Saturday, November 9, 2013

The Hallucinations of an Alzheimer's Patient

DH: I am living among idiots.
Me: Am I an idiot?
DH: No.
Me: Who are the idiots?
DH: Oh, they pop up. 
Me: Sweetheart, you have two disabilities now. You have Alzheimer's and you have trouble walking. 

The walking is getting better, but the hallucinations--those idiots--are popping up. 

I am trying to not be one of those idiots. I am trying to act calm like The 36-Hour Caregiver suggests.

DH: You are acting screwy.
Me: What am I doing? 
Hubby has no specifics on those idiots and what I am doing. 

Be who you are and say what you feel because those who mind 
don’t matter and those who matter don’t mind.  Dr. Seuss

BUT HE DOES MATTER, Dr. Seuss! Meanwhile, it is becoming increasingly difficult to be myself at home. I am so fortunate that I can get away. 

So, are the above hallucinations, delusions or delirium?

According to The 36-Hour Day, hallucinations are hearing, seeing, feeling and smelling things that aren’t there. Drugs can cause hallucinations and so can dementia. I wonder if the new pain pill causes it. The caregiver just has to act calmly about a hallucination. 

“Delusions are untrue ideas unshakably held by one person.” (p. 161 of The 36-Hour Day) The delusion that my husband and Jake have is that they flew in an airplane together and went on a canoe ride together. These delusions make them happy I guess--male bonding. Sally and I do not argue with our husbands about their delusions. 

Delirium, on the other hand, is dangerous and needs immediate medical treatment I read in that book. 
One important distinguishing feature between dementia and delirium is that delirium usually begins suddenly while dementia develops gradually over months or years. Other symptoms of delirium may include misinterpretation of reality, false ideas, or hallucinations; incoherent speech; sleepiness in the daytime or wakefulness at night; and increased or decreased physical (motor) activity. Symptoms of delirium tend to vary through the day. (p. 289 of The 36-Hour Day)
Bob DeMarco reported HERE what Dr. Malaz Boustani said: 
Having delirium prolongs the length of a hospital stay, increases the risk of post-hospitalization transfer to a nursing home, doubles the risk of death, and may lead to permanent brain damage.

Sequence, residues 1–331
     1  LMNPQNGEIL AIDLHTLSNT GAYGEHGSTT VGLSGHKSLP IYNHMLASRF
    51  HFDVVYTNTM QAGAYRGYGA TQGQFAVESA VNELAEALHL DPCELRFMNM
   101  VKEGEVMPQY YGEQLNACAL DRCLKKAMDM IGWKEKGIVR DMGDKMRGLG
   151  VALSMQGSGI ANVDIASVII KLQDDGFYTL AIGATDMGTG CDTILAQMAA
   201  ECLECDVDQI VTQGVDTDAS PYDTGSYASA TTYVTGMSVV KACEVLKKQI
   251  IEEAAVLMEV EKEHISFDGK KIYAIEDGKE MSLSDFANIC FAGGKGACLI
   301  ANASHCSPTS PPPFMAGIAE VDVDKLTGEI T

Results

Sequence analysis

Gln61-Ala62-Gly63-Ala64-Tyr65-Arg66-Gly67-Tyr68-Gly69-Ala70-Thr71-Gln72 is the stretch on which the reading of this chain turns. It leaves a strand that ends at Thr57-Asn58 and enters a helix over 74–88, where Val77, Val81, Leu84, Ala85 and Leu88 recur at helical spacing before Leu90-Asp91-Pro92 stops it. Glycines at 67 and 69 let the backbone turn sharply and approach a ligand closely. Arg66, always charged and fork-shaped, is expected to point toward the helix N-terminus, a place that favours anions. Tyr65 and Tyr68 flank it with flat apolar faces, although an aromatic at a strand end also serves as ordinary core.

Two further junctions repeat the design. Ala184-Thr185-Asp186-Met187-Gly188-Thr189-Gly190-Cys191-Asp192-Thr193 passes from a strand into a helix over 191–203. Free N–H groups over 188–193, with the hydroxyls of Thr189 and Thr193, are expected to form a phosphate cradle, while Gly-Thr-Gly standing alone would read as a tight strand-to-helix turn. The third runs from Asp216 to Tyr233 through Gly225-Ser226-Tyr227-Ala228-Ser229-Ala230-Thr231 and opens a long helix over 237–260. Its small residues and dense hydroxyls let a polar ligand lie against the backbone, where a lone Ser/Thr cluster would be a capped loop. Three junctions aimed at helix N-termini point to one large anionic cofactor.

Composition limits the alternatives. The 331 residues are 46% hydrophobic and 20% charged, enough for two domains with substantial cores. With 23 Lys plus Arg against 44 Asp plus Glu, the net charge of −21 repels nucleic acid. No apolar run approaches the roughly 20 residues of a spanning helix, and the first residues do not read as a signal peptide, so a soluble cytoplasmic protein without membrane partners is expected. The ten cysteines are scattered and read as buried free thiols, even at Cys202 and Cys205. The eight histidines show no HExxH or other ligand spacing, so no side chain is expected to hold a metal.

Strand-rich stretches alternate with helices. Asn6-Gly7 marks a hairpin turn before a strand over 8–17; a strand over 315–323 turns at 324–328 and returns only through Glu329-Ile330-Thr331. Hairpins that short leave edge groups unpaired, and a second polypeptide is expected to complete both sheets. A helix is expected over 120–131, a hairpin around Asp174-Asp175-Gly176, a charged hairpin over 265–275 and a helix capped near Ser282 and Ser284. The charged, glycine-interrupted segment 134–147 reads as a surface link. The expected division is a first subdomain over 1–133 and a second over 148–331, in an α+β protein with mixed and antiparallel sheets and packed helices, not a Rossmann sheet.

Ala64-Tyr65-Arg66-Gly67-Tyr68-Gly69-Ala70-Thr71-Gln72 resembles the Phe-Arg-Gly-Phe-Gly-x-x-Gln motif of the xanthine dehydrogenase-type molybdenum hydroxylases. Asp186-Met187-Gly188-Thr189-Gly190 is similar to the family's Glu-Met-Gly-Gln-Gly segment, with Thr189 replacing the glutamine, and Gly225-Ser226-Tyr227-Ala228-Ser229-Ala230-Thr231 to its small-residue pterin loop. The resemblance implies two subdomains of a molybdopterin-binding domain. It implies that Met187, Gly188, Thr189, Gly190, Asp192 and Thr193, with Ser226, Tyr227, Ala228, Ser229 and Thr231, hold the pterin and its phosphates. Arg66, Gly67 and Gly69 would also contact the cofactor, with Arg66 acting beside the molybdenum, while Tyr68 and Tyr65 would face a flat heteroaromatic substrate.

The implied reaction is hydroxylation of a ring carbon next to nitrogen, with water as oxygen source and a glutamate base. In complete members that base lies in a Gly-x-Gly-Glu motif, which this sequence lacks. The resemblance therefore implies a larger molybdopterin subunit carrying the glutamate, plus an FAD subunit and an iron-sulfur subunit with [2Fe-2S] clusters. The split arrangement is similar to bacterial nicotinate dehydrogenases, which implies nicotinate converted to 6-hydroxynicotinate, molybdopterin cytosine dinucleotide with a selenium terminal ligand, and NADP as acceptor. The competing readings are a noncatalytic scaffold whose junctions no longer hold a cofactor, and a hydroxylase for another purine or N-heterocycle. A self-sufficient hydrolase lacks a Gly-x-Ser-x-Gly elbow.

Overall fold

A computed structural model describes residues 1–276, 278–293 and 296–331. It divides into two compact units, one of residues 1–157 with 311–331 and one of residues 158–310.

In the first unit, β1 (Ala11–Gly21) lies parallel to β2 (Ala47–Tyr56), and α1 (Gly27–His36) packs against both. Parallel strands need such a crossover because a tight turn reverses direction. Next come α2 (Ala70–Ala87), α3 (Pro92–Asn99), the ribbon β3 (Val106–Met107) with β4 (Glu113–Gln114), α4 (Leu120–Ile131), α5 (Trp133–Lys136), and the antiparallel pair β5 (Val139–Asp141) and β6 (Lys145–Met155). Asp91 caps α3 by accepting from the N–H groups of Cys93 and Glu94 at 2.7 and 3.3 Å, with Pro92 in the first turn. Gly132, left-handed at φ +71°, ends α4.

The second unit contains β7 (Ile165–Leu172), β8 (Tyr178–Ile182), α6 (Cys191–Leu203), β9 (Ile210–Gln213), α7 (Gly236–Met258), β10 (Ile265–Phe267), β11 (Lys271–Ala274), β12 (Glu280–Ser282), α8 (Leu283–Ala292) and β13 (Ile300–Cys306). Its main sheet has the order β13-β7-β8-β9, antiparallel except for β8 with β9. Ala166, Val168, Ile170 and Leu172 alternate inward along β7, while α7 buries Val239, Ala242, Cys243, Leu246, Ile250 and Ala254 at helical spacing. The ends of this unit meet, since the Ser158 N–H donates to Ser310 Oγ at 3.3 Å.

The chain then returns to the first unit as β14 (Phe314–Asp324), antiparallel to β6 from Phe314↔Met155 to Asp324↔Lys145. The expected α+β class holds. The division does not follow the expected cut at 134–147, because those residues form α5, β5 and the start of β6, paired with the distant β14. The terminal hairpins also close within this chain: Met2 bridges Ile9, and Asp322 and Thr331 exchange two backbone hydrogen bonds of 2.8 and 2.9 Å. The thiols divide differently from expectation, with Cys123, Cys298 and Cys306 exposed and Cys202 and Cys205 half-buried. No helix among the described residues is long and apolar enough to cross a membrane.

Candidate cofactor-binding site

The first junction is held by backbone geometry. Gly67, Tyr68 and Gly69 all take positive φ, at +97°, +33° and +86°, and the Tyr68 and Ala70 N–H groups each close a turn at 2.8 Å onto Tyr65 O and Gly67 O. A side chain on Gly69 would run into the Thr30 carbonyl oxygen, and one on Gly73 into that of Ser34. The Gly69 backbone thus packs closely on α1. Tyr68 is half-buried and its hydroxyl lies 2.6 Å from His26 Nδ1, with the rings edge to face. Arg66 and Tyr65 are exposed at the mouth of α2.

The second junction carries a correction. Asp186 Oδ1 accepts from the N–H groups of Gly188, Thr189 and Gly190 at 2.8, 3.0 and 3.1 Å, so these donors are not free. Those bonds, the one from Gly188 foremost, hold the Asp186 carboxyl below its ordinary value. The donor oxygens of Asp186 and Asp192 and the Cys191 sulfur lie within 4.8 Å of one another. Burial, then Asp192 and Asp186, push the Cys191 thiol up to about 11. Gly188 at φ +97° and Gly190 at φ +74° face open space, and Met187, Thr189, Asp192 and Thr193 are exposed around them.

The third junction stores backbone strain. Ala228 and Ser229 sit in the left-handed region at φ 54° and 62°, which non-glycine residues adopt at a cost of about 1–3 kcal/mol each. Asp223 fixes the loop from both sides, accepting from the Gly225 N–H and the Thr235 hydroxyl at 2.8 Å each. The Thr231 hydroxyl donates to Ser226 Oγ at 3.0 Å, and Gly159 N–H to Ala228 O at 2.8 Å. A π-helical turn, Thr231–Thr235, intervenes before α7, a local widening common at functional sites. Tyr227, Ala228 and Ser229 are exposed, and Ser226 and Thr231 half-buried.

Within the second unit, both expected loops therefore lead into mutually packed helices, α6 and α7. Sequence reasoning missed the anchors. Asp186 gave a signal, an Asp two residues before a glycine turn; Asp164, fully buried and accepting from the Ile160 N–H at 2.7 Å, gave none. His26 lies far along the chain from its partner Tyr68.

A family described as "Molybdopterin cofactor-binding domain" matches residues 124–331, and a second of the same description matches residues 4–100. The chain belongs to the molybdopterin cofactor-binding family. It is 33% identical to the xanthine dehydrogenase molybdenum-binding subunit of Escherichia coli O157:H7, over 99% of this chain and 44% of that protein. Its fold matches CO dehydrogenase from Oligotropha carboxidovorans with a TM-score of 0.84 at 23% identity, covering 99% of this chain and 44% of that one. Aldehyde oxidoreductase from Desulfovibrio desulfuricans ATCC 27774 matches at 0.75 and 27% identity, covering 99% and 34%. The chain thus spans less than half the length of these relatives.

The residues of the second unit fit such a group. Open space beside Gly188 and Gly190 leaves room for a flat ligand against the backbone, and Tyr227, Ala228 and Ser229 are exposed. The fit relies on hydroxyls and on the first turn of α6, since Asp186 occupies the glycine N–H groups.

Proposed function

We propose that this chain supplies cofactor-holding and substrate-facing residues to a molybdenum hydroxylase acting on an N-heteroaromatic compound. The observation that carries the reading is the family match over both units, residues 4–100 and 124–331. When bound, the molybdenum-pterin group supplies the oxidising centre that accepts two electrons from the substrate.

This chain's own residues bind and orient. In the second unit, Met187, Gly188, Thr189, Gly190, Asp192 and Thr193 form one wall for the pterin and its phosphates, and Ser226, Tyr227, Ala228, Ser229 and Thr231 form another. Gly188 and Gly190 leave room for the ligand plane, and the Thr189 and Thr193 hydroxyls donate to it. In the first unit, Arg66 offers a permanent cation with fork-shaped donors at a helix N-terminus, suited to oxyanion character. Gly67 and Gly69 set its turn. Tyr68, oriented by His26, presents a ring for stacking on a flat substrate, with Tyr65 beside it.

Delirium can accompany a UTI infection, so it is so important to get treatment for the UTI immediately as we have done.  I bought extra UTI strips from Walgreens so I can check. 

Meanwhile, just stay calm about the hallucinations and delusions, unless it is delirium

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Added Nov. 11. I found from THIS NEWSLETTER written by Marie Boltz that these are common causes of delirium:
Reaction to Medication(s)- Fecal impaction- Urinary retention-Infection (urine, lungs, skin)-Hypoxia (not enough oxygen getting to tissues as in congestive heart failure)- Dehydration-Low blood sugar/high blood sugar-Pain-Immobility or hearing and vision loss.

Joe and Brandon enjoyed my raps
My husband has gotten constipated recently (“fecal impaction”) above and so I went to GNC and got their Ulta 50 Probiotic Complex for my husband so he won’t get the dreaded delirium. Brandon and Joe enjoyed my raps as it was a slow day for them today, Veterans’ Day. 

Hey, guys, check out my raps on YouTube and click on the label "Carol's raps" at the right of this blog. 


  1. What causes the hallucinations? Does it frighten your husband or does he just accept it as the 'norm'? I know this has to be difficult for you as a caregiver and especially as his wife. I know the Lord is your strength.

    1. The disease, medicine, UTI, or what happened before. But it is the disease and my ALzheimer's Association counselor told me that their brain in capable of making up new realities.

  2. So, instead of making up a new reality their brain makes up things that are not there? I think I understand now. Thank you!

  3. All the different aspects of your husband's illness mean new challenges for you. You show great strength and trust in God to deal so calmly day after day. God bless you and continue to send those precious people who are helping you both just now.

    1. Oh yes, Ruby. I so appreciate your prayers and the prayers of others. Today is Veterans' Day and I am dealing with and writing about stress for the counseling dissertation. After almost five steady years with the dementia, hubby is going downhill, but the walking has improved to a slow hobbling. Both the physical and mental decline of a loved one--my current cross that I am taking up daily.